We will continue to award shields and feathers representing a camper’s accomplishments during the summer with a new centerpiece-replacing the bust of the Chief with a medallion featuring Camp scenes.
Camp Mishawaka was part of the original camping movement which began at the end of the 19th Century. At that time, many summer camps adopted Indian motifs- Mishawaka itself is an Ojibwa word that is taken to mean “coming out of the woods into a clearing.” The heritage of those who originally occupied the shores of Lake Pokegama no doubt influenced the early Camp days.” The view of the native as “noble savage” played large in any characterization of Native Americans of the time. One book on the history of the Camping Movement cites early camp directors as likening the state of boyhood to savagery that needed taming- presumably through a well-organized, Spartan camp regime. Needing a system in which Mishawaka boys could organize, practice leadership and conduct “battle” the directors surely found this the most logical-if not also mystical, and magical- system to turn to.
108 years later we have other options, and new campers, new challenges and new opportunities. This in no way can or should diminish anyone’s Camp Mishawaka experience as a member of a Tribe. Those lessons, experiences, games, victories or defeats are all of ours to savor, or regret. What is clear is that we have a better way to impart the values that are in line with the larger goals of a Camp Mishawka experience.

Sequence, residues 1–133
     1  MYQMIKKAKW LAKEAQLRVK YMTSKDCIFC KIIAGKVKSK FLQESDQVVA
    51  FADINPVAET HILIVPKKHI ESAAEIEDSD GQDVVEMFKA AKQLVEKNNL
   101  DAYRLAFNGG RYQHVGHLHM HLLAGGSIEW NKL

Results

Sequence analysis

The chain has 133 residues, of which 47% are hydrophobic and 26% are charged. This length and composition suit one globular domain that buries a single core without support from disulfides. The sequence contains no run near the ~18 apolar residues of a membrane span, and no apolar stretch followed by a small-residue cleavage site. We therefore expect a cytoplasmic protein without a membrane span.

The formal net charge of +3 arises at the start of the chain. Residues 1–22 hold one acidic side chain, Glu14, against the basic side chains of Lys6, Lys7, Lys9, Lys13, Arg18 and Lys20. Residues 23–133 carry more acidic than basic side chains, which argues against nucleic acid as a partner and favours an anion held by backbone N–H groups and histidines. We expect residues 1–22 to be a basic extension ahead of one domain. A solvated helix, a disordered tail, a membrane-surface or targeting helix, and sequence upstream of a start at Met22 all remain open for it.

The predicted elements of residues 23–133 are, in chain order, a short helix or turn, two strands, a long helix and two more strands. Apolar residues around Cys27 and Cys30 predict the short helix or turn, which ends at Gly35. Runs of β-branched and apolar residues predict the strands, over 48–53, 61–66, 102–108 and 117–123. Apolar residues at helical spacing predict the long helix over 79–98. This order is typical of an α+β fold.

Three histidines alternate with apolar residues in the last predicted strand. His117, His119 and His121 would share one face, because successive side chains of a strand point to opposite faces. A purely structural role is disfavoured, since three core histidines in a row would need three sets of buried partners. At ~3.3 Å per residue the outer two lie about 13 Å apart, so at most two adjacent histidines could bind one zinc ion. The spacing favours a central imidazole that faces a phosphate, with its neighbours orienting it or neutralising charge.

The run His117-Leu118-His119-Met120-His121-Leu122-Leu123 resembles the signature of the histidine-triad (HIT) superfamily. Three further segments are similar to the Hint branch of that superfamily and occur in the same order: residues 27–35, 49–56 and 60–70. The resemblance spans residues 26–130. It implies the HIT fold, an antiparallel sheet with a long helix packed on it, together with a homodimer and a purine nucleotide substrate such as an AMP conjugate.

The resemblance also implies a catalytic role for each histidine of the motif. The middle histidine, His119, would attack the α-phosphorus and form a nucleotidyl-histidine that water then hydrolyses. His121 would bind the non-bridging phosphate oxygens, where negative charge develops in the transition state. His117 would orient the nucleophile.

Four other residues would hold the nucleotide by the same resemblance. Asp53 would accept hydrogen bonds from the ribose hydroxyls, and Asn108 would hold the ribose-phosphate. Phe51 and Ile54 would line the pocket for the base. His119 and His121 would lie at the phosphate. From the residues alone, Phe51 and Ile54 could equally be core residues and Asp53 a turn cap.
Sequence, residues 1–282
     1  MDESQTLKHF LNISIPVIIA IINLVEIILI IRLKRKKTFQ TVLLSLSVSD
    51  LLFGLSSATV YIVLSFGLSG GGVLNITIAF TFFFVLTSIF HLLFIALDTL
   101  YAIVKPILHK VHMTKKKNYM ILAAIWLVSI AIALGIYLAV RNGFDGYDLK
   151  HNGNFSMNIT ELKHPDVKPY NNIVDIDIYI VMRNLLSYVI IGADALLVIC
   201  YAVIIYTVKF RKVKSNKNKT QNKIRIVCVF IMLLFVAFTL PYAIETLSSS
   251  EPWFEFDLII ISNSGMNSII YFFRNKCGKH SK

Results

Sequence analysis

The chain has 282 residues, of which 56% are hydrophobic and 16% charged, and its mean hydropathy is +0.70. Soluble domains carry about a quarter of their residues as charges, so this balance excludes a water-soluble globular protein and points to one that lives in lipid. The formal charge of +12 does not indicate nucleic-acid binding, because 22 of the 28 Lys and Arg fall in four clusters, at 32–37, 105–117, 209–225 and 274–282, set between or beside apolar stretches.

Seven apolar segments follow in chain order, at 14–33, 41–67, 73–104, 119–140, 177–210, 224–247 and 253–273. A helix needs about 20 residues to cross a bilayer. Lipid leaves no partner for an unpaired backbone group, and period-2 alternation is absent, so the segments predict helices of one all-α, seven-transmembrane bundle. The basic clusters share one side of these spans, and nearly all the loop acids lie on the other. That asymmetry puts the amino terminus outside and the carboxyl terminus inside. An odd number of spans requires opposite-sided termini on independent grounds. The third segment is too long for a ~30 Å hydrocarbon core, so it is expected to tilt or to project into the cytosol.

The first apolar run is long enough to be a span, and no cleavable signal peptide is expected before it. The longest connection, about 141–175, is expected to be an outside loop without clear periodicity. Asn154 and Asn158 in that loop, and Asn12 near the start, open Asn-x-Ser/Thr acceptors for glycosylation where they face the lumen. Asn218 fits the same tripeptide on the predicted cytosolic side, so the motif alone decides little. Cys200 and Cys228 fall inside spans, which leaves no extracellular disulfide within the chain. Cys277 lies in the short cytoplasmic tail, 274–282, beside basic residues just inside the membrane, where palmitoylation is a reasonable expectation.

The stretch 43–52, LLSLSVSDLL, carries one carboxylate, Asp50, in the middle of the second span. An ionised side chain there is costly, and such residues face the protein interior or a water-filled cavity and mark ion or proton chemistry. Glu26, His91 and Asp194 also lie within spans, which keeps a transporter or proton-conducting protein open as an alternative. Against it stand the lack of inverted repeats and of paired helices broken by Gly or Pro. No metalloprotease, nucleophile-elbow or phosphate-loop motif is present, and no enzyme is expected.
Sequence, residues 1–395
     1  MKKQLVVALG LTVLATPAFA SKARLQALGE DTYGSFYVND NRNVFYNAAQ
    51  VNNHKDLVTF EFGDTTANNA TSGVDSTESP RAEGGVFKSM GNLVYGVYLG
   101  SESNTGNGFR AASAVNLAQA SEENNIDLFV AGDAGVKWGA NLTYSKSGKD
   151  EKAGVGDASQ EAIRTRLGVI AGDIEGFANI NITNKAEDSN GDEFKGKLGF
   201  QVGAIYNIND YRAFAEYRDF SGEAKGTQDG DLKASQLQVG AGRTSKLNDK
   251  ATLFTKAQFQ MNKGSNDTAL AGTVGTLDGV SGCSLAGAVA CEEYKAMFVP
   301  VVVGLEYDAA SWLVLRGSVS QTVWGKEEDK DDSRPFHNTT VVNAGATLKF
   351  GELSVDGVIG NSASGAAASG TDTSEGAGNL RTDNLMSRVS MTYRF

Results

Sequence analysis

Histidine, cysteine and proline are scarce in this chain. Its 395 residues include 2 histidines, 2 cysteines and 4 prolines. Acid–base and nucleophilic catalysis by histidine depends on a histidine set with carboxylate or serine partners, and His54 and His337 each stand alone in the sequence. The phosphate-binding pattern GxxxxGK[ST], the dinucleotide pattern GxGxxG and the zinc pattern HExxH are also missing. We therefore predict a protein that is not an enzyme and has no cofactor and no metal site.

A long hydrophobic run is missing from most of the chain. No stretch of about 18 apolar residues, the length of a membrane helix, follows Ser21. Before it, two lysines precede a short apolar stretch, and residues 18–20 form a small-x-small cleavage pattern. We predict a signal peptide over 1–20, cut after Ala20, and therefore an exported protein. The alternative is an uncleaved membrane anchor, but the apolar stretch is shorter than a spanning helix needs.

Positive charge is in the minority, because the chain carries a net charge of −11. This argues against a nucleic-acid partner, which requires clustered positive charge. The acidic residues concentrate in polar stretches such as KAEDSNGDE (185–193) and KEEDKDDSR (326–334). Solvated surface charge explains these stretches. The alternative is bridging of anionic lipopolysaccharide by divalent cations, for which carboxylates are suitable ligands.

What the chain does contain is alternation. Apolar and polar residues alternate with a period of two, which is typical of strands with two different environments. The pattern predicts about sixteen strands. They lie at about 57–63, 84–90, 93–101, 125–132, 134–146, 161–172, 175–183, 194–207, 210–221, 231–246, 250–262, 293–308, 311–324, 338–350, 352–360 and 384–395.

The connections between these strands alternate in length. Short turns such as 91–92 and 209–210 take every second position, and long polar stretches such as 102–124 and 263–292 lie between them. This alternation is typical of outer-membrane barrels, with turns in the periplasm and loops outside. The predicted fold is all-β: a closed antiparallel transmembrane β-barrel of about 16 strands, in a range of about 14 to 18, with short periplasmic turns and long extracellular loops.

We are fortunate that there is another longstanding tradition in Mishawaka lore that will serve as a useful replacement. The “Founder’s Song” refers to a number of mythical creatures that are also part of early logging mythology and Paul Bunyan tales- the Hodag, the Gumberoo, the Snolligoster, the Squonk, and others. This summer we will use Hodag and Gumberoo for our team names.
Our intention at Camp Mishawaka is to help campers find their best selves, to develop young men and women into thoughtful, productive adults and we do this by use of many intentional activities and traditions. Those continue.
I don’t believe that the intention of the Camp has ever been to minimize, mock, appropriate Native American culture. Quite the opposite, I believe the intent was to honor these traditions and Native culture. In her book on the history of the Camping Movement, Historian Abigail Van Slyke sums up her chapter on the use of Native themes and the limits of intention this way:
The purpose of reading the camp landscape in this way is to acknowledge that the work of maintaining racial inequities often involves people who are acting with the best of intentions. This is one of the things that makes racism so hard to recognize and so difficult to eradicate. Equally important, such a reading highlights the central role the cultural landscape often plays in allowing people simply not to notice the inequalities that structure their daily lives. In short, the cultural landscape has given responsibility for communicating some of the summer camp’s most powerful messages.
For Mishawaka not to lead in this way would be a missed opportunity and an abandonment of our responsibility to help all campers and staff find their best selves- for this experience and beyond.